The other way of quitting out of the MYSQL command line is to press CTRL + D.

At this point, you will now have successfully setup MySQL on your Raspberry Pi. Our next few sections will go into making better use of this database.

Step 5: create MYSQL Database & User

Before we proceed to create a MySQL user and database on our Raspberry Pi, we must first log back into the MySQL command-line tool.

Run the following command to log in to the MySQL command line. You will be prompted to enter the password for the “root” account that you set up earlier.

sudo mysql -u root -p

Let’s start by creating a MySQL database using the following command.

This command is super simple and is just “CREATE DATABASE” followed by the name that you want to give the database.

In our example, we will be calling this database “exampledb“.


Next, we will create a MySQL user that we will assign to our new database. We can create this user by running the following command.

For this example, we will be calling the user “exampleuser” and giving it the password “pimylifeup“. When creating your own, make sure you replace both of these.

CREATE USER 'exampleuser'@'localhost' IDENTIFIED BY 'pimylifeup';

With the user created, we can now go ahead and grant all privileges to the user so that it can interact with the database.

This command will grant all permissions to our “exampleuser” for all tables within our “exampledb” database.

GRANT ALL PRIVILEGES ON exampledb.* TO 'exampleuser'@'localhost';

The final thing we need to do for both our MySQL database and user to be finalized is to flush the privilege table. Without flushing the privilege table, the new user won’t be able to access the database.

We can do this by running the following command.


If you rather not use the command line to administrate your databases then you can always install PHPMyAdmin instead.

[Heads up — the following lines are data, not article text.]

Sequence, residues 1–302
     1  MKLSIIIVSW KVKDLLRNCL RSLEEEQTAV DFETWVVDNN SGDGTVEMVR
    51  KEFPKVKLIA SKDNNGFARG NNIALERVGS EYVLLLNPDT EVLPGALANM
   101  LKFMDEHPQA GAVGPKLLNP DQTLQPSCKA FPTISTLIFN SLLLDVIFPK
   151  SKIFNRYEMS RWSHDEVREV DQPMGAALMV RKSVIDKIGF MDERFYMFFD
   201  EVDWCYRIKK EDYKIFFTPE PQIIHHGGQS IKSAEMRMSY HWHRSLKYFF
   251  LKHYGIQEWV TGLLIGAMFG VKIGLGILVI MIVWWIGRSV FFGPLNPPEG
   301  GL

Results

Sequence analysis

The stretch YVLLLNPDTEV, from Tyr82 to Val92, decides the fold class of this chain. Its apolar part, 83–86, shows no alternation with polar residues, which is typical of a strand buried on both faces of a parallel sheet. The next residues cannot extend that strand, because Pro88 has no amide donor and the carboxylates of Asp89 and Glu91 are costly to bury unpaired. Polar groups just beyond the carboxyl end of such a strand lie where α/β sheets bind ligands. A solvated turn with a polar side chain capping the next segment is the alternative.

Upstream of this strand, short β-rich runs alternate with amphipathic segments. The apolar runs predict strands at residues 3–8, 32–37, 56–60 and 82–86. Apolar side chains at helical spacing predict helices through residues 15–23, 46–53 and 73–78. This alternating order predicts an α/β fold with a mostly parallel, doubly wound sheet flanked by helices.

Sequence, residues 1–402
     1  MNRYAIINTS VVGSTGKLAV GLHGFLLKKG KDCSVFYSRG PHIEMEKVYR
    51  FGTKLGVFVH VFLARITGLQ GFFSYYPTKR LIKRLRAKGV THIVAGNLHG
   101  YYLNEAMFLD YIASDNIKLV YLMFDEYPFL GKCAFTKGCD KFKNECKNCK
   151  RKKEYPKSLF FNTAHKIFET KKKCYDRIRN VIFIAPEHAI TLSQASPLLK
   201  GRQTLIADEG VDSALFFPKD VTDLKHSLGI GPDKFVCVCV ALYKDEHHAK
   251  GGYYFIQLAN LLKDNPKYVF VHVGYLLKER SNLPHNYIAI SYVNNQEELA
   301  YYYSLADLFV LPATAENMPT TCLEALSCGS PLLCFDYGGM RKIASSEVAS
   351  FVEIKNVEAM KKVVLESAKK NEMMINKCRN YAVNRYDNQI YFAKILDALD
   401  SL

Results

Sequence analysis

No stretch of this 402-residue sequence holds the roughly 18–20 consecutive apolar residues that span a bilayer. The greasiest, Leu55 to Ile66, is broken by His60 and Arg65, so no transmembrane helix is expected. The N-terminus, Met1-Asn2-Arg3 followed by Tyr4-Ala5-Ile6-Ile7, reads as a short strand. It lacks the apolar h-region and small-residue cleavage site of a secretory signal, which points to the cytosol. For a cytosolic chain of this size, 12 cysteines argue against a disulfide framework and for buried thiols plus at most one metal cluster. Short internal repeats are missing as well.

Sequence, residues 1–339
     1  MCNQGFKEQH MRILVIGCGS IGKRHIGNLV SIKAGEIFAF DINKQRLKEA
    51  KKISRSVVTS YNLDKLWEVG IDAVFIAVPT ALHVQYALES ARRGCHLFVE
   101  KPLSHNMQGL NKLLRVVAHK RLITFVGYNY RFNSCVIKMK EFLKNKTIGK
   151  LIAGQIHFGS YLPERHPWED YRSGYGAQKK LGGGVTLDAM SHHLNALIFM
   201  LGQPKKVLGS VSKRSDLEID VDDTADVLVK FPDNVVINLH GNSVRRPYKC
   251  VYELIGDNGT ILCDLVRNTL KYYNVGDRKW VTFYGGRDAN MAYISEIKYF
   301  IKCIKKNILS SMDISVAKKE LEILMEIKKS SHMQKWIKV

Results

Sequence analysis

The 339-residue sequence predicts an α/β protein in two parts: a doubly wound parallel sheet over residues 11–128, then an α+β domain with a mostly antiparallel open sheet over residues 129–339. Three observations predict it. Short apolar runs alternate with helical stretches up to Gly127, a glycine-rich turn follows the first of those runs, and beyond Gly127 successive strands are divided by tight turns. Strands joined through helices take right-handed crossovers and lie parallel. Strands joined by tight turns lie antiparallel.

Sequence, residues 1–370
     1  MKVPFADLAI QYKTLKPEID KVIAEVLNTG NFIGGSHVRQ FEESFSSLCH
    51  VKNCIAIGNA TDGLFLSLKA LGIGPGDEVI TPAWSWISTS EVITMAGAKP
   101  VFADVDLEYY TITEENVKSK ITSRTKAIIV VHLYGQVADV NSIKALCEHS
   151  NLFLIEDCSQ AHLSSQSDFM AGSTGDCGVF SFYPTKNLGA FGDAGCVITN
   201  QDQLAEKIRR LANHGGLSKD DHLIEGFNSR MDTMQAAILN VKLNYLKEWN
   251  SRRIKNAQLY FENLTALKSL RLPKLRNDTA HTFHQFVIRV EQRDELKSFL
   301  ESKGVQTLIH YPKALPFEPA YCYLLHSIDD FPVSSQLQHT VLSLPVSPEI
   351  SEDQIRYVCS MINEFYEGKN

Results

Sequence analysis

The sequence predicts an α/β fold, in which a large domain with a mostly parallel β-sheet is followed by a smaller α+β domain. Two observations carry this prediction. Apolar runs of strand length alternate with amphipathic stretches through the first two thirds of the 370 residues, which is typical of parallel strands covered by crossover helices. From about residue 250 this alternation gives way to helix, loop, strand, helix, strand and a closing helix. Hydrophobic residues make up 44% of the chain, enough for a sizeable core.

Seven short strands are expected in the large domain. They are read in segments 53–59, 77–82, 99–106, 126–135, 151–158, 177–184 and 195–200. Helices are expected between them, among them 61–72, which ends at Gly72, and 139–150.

Step 6: setup PHPMyAdmin

You will need to have the password you set up for the root MYSQL account. If you don’t have this, you will not be able to install PHPMyAdmin.

To install the PHPMyAdmin package to our Raspberry Pi, we need to run the command below.

sudo apt install phpmyadmin

PHPMyAdmin will now begin to install to your Pi. It will require your input on various steps along the way. You will be presented with a screen asking the type of web server you want it to run off.

Select the “apache2” option by pressing SPACE and then ENTER. Select this option even if you are using NGINX as we will configure that ourselves latest on.

Next, we will need to configure PHPMyAdmin to connect to our MYSQL server. We will also need set up some details so that we can log in to the PHPMyAdmin software.

To do this select “<Yes>” at the next prompt.

Raspbian PHPMyAdmin setup

It will now ask you to set a password for PHPMyAdmin itself. It is best to set this password to something different to your root SQL password. Doing this will help secure the server.

This password is what PHPMyAdmin will use to connect to the MySQL server.

With the PHPMyAdmin installation process complete, there is one last thing we need to do. PHPMyAdmin by default will block you from logging into the PHPMyAdmin interface using the “root” user.

Instead, you will need to create a new user if you wish to create and access data tables within PHPMyAdmin.

To do this, we will need to first login to the MySQL command line interface using the “root” user with the password you set up.

sudo mysql -u root -p

6. Now run the command below to create a user and permit it to access all databases on the MySQL server. Remember the details you enter here as you will use these to log in to PHPMyAdmin

Make sure you replace “username” with the username of your choice.

Also, replace “password” with a secure password of your choice.


7. You can exit out of the MySQL command line interface by typing “quit” in the terminal.

Once done you can proceed to configure PHPMyAdmin for Apache or NGINX.

Step 7: configure Apache for PHPMyAdmin

Before we can load the PHPMyAdmin interface on our Raspberry Pi, we will need to make some configuration changes to Apache.

To get started, we need to edit the “Apache2.conf” file, we can do this by entering the following into the terminal.

sudo nano /etc/apache2/apache2.conf

Now we need to add the following line to the bottom of this file.

This line will include PHPMyAdmin’s configuration and allow it to be loaded in and listened to by Apache.

Include /etc/phpmyadmin/apache.conf

Once done we can save and exit by pressing CTRL + X and then pressing Y then ENTER.

Now we need to restart the Apache service on our Raspberry Pi by running the command below.

We need to do this to flush out its current configuration and make it load in our modified file.

sudo service apache2 restart

To setup NGINX to work with PHPMyAdmin, we need to do is create a link between the phpmyadmin folder and our root HTML directory.